Did Steve Jobs or Bill Gates do that to get rich? Did Michael Jordan do that to earn his money?  The vast majority of high income earners serve their way to tremendous wealth.

Zig Ziglar had it right when he said, “You can get everything you want in this world if you just help enough other people get what they want.” 

The only way to become truly successful is to serve your way to success. You create quality products or services that people want and they will line up and happily give you their hard earned money. If you try to exploit them, you won’t last long and you won’t become successful.

“It’s not the employer who pays the wages. Employers only handle the money. It’s the customer who pays the wages.”
–Henry Ford

Limiting belief about money #3) If I get rich it will change me.

Money simply makes you more of what you are. If you’re a nice person, money lets you be nicer. Imagine how much you can help people, families and charities with more money.

If you’re a jerk, you might become an even bigger jerk.

So don’t do that.

Limiting belief about money #4) I will have to become a workaholic and ignore my family to make a lot of money.

Some people take that route. It goes to point number one about keeping the love of money in perspective. If you don’t, you’re truly giving up your life for money.

Some people want it so bad it becomes the focus of their lives. They plan out their major in college based on what has the highest earning potential. They go for the job with the best pay. They put in long hours to get the promotion. They put in even more hours to become partner. They are earning a great paycheck and then they realize they’re miserable, divorced and they don’t even know their kids.

So don’t do that.

Is there another way? Yes!

Making money at something you love makes you rich and filled with joy. You don’t have to work at the exclusion of play and family time.

Action steps:

  • Find your Passionate Purpose
  • Create your goals – including monetary goals
  • Develop your plan to get there
  • Take actions on your plan every day
  • Pursue other passions that bring you and your family happiness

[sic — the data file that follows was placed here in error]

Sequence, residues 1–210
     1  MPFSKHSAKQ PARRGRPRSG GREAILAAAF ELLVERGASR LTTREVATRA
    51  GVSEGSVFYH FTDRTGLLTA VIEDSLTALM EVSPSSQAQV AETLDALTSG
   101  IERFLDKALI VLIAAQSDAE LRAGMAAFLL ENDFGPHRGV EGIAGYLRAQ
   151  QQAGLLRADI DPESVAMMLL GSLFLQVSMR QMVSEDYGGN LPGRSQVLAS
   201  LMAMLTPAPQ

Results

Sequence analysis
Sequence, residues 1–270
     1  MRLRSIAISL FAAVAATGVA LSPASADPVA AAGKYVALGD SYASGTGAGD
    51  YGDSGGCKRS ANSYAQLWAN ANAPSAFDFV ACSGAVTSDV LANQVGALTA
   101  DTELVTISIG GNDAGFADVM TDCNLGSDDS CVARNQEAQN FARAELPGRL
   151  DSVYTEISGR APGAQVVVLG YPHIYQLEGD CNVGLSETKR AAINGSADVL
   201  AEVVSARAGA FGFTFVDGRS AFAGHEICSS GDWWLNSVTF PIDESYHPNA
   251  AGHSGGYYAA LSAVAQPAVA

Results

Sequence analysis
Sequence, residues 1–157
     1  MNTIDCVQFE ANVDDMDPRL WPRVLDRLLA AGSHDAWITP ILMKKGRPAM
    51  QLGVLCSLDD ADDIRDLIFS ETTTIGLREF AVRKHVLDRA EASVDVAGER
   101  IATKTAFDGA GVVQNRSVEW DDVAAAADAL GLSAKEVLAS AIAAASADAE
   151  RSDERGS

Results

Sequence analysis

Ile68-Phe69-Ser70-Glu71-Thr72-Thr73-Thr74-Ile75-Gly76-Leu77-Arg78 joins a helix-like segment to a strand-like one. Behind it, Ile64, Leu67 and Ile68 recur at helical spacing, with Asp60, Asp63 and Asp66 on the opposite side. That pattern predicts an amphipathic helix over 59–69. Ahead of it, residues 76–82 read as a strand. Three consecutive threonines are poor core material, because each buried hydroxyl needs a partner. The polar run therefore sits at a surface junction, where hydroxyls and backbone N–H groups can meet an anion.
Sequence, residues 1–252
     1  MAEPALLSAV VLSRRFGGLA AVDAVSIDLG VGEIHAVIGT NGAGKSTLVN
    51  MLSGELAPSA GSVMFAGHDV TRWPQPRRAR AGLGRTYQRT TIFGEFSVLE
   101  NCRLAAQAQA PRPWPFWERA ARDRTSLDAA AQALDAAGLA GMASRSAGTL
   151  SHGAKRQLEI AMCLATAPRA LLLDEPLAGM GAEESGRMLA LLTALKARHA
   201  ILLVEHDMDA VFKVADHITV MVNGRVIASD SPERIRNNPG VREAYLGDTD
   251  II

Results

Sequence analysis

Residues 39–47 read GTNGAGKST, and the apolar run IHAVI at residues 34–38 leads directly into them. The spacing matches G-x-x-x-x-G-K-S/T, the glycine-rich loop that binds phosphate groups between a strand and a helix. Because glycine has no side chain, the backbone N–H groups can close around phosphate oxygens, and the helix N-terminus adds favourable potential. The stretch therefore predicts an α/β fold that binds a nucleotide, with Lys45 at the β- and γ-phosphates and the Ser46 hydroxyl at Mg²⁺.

You might be surprised how much you end up making and how much you’re helping others while doing it.

“What we really want to do is what we are really meant to do. When we do what we are meant to do, money comes to us, doors open for us, we feel useful, and the work we do feels like play to us.”
–Julia Cameron

 Let’s GO!

What If You Could Be Who You Want To Be… Right NOW?

Young funny man in glasses writing on typewriter

 

Greg, you can’t just be what you want right now. That’s silly. Hold on a second, Mr. Doubter. It might not be what you think. Read on and then yell at me if I wasted your time.

Have you ever said anything like this to yourself?

Self, I wish I were a…

Writer
Entrepreneur
Musician
Business owner
Speaker
Teacher
Preacher
Actor
Artist
Tech developer

Have you followed that up with statements like these?

I’m not really a writer, business owner, teacher, musician, etc.
I could never make a living at that.
I don’t know enough to do that.
My work isn’t good enough to be that.
I would probably fail at that.
My friends would laugh at me if I tried that.

I have. I’ve talked myself out of a ton of fun, adventure, art, and good work before I even had the chance to try.

But I discovered something that changed all that for me: How to define who I am.

I am what I do, what I think, what I believe, and what I feel.

How do you define a writer? Isn’t it someone who writes? Isn’t a musician someone who plays music? Isn’t an entrepreneur someone who starts and runs a business? Is there anything in these definitions that says you have to be great at it, or make a living doing it? Is there anything that says you have to be a huge success and never have failed at it?

No!

So, I don’t let those concerns stop me anymore. When I want to be something, I just start doing it. That doesn’t mean I’m great at it immediately, but I am doing it. At that moment I become what I’m doing.

Why not you?

If you want to be an entrepreneur start working on a side business today.
If you want to be a teacher – teach.
If you want to be an artist – create art.
If you want to be a singer – sing!

But whatever it is, why not start doing it today? It will flip a switch in your mind to make what you want to become possible.

You might hate it. You might fail (temporarily).

But you also might love it and realize this is what you were made to do. You might just end up living that life of purpose, meaning, and joy that you always imagined.

Once you start doing it, you can truthfully say,
“I am an entrepreneur.”
“I am an artist.”
“I am a teacher.”
“I am a _____.”

This doesn’t mean you will immediately become great at what you love, but at least you’re now doing it and becoming it.